An offshore earthquake lifted the small Solomon island of Ranongga ten feet (three meters) out of the water, baring its surrounding coral reef.
Striking only about six miles (ten kilometers) beneath the seafloor, the quake occurred in a seismically volatile region where three of Earth's tectonic plates collide with the large Pacific plate at an average speed of about four inches (ten centimeters) a year.
Even so, the April 2, 2007, quake may have been the largest in the area in a hundred years.
Ranongga villagers say they have seen earthquake fissures 20 inches (50 centimeters) wide, which almost split the island in half, according to news reports.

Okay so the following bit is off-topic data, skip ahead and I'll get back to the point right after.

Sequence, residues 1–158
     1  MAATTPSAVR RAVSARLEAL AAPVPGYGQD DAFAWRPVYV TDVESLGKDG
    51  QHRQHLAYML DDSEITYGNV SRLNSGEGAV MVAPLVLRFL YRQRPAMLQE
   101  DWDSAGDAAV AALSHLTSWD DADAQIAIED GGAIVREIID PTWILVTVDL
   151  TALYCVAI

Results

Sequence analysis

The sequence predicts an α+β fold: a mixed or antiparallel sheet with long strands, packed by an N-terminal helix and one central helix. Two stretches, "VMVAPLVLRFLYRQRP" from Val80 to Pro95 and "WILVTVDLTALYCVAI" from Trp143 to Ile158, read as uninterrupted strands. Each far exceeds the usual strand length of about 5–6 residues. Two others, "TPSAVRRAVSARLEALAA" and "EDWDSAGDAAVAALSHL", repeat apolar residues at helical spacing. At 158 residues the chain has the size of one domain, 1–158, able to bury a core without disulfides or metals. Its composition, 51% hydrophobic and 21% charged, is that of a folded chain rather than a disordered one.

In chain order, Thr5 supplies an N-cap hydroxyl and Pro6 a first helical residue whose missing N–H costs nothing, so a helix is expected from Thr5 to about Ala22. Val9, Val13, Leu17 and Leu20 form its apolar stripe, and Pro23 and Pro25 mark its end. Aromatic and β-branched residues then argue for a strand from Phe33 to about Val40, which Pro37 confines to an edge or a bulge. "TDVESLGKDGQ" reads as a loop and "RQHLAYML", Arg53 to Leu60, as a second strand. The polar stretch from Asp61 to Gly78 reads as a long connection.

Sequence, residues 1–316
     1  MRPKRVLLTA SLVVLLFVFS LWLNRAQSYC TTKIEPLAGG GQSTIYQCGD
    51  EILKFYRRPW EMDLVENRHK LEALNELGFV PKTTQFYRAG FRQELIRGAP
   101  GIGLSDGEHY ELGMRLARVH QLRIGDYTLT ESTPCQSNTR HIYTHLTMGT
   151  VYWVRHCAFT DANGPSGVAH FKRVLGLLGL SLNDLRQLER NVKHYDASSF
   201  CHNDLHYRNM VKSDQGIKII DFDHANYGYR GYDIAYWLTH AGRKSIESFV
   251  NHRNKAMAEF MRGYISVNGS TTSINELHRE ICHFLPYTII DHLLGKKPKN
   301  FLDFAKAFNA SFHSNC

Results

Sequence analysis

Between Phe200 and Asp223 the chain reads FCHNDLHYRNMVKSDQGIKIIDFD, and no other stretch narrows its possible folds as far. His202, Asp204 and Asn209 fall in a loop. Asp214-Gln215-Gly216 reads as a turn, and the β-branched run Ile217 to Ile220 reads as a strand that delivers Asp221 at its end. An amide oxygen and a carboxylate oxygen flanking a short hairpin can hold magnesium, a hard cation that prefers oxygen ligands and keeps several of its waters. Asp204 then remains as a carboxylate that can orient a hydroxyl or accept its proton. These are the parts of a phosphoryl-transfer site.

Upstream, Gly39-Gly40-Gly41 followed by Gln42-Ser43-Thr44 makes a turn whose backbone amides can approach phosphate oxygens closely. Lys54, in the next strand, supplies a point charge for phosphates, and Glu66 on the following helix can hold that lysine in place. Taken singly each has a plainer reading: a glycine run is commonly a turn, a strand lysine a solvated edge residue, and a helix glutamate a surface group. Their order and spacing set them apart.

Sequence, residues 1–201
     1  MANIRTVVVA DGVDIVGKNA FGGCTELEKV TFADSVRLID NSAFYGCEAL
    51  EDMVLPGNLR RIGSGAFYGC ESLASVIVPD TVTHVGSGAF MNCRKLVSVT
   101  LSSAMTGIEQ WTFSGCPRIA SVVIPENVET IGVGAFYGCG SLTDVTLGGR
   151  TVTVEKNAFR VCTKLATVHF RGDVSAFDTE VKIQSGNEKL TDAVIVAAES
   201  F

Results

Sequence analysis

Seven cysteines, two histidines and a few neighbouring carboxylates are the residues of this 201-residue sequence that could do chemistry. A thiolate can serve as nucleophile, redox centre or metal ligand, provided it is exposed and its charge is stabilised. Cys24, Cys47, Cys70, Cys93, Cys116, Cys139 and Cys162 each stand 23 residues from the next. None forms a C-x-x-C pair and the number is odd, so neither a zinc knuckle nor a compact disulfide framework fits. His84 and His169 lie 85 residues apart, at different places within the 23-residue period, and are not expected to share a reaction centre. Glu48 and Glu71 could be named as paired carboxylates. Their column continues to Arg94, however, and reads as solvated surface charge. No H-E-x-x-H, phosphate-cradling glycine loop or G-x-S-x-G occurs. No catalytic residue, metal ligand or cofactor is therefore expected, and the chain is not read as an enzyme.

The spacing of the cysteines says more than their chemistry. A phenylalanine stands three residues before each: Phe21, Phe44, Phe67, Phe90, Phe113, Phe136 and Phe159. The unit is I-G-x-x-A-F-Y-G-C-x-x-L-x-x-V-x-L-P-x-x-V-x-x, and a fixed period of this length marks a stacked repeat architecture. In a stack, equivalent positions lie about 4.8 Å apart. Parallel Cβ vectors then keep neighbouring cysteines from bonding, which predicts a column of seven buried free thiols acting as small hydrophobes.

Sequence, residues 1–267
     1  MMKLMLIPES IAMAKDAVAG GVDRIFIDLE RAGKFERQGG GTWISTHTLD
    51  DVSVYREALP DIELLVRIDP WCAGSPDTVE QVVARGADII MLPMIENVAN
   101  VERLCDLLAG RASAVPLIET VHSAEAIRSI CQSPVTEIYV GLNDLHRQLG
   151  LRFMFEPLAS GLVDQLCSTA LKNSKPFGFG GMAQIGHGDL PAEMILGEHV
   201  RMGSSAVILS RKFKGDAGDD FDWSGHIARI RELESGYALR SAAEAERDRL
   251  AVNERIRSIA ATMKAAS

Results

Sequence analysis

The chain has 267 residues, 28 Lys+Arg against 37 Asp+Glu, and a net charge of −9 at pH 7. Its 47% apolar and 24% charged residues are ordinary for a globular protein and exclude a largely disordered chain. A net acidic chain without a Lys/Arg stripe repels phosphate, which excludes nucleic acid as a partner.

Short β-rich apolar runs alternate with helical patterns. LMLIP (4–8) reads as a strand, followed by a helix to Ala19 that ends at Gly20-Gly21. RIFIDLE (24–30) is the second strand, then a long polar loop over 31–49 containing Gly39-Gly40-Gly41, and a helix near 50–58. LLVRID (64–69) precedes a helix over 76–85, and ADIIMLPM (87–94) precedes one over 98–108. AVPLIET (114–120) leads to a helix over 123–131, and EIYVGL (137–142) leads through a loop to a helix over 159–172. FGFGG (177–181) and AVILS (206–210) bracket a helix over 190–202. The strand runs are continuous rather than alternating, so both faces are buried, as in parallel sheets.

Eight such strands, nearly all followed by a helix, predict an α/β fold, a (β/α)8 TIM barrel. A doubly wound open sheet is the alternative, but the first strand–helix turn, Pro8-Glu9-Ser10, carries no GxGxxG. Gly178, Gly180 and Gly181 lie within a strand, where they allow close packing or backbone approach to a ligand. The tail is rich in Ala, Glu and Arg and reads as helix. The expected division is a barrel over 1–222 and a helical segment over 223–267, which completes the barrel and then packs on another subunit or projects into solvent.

One fisher who had explored the new underwater landscape of the island said he had seen a huge submerged chasm running parallel to the coast for at least 550 yards (500 meters).
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Photograph by William West/AFP/Getty Images